How To Read, Review, and Understand Your Credit Report

How To Read, Review, and Understand Your Credit Report

The easy part is obtaining your credit report for free from the three credit reporting bureaus (or from a service like Credit Karma or Discover It). Comprehending this information that they report can be challenging. There are several key sections on your credit reports. 

We will look at each of them next along with terms they use that may not always be self explanatory. Remember that the credit reporting bureaus arrange their reports somewhat differently, meaning that the sections can be ordered differently with each report. 

Personal Information

Included in your personal information section are your name(s), previous and current phone numbers and addresses, your birth date, Social Security number, and some previous (and possibly current) employers. Your name could be spelled differently in places thanks to any variations that you utilized on credit applications (married versus maiden names and with or without middle initials). 

Do not be concerned about a telephone number or employer that may be missing. What you should watch for here in reviewing your credit report are any addresses that are not yours. This is especially troubling if you see accounts that are not yours alongside them. It could mean that someone has utilized your personal information to create false accounts for themselves in your name. The bills would be diverted to the false addresses so that you are not informed of the deception. 


In this crucial section are all of your accounts that are current (not defaulted on or sent out to collections). This remains the heart of your credit report. Every account will provide a critical summary underneath it in the beginning. This will include the following: 

  • Creditor’s name and address, date opened, and account number
  • Account Status – if the account is opened, closed, or transferred, and most importantly if you are current with your payments
  • Account type – credit card, auto loan, student loan, etc.
  • Your status – details whether you are a joint owner, an individual owner, or merely an authorized user on the particular account
  • Total credit line or instalment loan original dollar amount – this includes all payment and balance information, such as the last date the creditor dispatched your account information update to the reporting bureaus. This will not reflect today’s balance on your account. Even if you pay off your credit card full balance each month, the report could depict a balance if this activity was reported in the middle of your billing cycle

It is critical that you check carefully the payment history for any mistakes (like late payment notifications if you have always paid on time). 

You need to be certain that all of your account limits are listed correctly, since this does impact your critical credit utilization ratio (which counts for 30 percent of your score).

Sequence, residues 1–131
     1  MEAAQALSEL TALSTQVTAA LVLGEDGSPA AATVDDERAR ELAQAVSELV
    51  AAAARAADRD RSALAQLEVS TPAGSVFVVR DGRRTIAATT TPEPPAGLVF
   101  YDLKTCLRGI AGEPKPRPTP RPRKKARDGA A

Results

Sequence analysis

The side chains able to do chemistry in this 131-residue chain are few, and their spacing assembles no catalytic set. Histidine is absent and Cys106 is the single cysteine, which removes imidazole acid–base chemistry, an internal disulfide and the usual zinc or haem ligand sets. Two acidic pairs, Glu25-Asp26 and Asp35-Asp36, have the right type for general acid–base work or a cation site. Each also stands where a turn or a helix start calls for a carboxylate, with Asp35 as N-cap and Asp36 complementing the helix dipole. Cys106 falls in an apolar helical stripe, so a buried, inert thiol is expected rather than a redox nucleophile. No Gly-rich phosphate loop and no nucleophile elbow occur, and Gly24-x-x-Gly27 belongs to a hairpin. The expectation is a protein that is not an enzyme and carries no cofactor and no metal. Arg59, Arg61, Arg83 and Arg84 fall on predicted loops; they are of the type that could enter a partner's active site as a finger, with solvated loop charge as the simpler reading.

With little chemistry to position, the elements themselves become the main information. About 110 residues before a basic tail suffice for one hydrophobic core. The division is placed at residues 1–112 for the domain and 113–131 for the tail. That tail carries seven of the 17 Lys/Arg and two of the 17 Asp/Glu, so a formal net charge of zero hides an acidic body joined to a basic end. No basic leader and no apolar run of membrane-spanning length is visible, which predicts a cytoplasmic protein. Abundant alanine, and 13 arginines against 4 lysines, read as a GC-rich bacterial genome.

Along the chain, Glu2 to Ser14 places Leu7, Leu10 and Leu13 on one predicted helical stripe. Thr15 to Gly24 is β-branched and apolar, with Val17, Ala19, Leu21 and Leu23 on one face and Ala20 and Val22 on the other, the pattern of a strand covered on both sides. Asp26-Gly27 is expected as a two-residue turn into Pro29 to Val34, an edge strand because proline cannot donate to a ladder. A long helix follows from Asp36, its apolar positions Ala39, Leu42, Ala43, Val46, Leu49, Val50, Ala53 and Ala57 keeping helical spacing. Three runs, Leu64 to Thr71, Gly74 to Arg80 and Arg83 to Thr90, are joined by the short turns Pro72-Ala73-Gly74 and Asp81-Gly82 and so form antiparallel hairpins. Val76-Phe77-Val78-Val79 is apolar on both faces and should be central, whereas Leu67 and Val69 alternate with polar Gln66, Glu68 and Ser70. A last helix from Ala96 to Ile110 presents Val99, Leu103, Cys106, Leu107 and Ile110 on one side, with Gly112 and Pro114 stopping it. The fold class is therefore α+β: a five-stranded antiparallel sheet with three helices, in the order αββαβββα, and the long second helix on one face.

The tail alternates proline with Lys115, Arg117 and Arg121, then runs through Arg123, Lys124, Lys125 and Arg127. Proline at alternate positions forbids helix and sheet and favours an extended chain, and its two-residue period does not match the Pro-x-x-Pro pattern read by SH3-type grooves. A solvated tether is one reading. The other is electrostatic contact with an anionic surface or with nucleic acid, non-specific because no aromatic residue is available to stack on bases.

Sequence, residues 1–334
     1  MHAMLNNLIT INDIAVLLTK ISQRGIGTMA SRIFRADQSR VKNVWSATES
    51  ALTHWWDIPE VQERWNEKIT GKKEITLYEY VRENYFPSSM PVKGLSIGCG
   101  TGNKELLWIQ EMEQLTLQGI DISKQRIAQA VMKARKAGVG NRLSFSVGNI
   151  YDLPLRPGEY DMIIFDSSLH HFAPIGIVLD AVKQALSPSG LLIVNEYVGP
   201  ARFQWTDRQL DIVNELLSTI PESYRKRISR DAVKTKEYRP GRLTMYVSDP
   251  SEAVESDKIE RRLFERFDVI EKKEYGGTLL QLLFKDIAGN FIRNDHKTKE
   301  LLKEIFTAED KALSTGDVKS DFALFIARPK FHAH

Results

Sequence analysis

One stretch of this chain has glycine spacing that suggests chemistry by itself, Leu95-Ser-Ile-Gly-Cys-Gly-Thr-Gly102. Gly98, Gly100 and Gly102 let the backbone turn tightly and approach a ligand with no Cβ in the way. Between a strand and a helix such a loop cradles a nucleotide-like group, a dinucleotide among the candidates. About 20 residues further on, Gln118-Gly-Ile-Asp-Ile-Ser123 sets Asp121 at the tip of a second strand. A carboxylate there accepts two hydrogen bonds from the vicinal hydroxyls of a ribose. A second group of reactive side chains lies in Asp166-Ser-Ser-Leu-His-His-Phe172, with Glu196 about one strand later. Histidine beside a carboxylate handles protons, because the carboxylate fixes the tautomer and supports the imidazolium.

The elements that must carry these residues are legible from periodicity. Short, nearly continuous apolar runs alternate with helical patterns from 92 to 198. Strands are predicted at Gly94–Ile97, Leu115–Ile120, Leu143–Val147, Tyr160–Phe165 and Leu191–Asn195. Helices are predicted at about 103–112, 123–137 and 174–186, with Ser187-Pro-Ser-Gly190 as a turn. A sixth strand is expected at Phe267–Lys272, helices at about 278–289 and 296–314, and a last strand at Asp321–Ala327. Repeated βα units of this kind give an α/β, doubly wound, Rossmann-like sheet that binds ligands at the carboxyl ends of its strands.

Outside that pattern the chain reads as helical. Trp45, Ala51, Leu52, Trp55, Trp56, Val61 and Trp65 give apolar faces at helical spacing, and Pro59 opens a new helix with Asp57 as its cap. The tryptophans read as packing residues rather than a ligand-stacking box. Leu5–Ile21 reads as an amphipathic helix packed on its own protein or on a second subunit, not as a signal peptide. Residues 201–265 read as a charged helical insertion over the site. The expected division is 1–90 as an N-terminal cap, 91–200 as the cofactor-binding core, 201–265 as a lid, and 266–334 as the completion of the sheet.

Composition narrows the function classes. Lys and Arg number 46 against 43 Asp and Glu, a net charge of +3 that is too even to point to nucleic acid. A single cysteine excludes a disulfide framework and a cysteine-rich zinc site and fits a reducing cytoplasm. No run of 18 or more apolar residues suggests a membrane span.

Also if one of your accounts was closed, you should observe who closed the account and on what date for accuracy. Good standing closed accounts might remain indefinitely on your credit reports. If the creditor closed them because you did not meet your account terms as agreed, then these should drop off the credit report seven years after the first delinquency of the account. 

Any Negative Information

This section of negative information details any accounts that were not paid according to the terms of agreement, public records of bankruptcies, and collections accounts. 

This derogatory information remains on your report for a full seven years, besides Chapter 7 bankruptcies that hang around for 10 years. 

If you have accounts listed in this section, you need to be certain that the negative information is fully accurate. If you see any incorrect collection or account listing information here then you need to file disputes for removal. Similarly if an item is listed after the seven year drop off period, you need to contact the credit reporting bureau right away. 

Credit Report Inquiries

In this section, the bureaus detail all instances when a third party did a hard inquiry check on your credit. Each time that you ask for a credit limit increase or apply for new credit cards, loans, or even apartment/housing or utilities this will be noted. 

These different entries are often separated out. Hard inquiries will be listed together for each time you allowed a possible creditor to investigate your file in the process of an application. Too many hard inquiries will lead to a drop in your credit scores that is temporary. 

Soft inquiries do not impact your credit scores. They occur if you choose to check out your own credit report or score or if a promotional offer is sent out to you by a credit card company. 

Each kind of inquiry will reveal the inquiring organization’s name and address and the date of the relevant check. You should be certain that each hard inquiry was personally authorized by you so that it is not fraud. Also check to see that they have all fallen off from your report after two years have passed.

Do not be daunted by the appearance of complexity with your credit report. No one will show the care and concern to make sure entries are correct as passionately as you do. It is critical that you review your reports at the very least annually, if not multiple times a year. 

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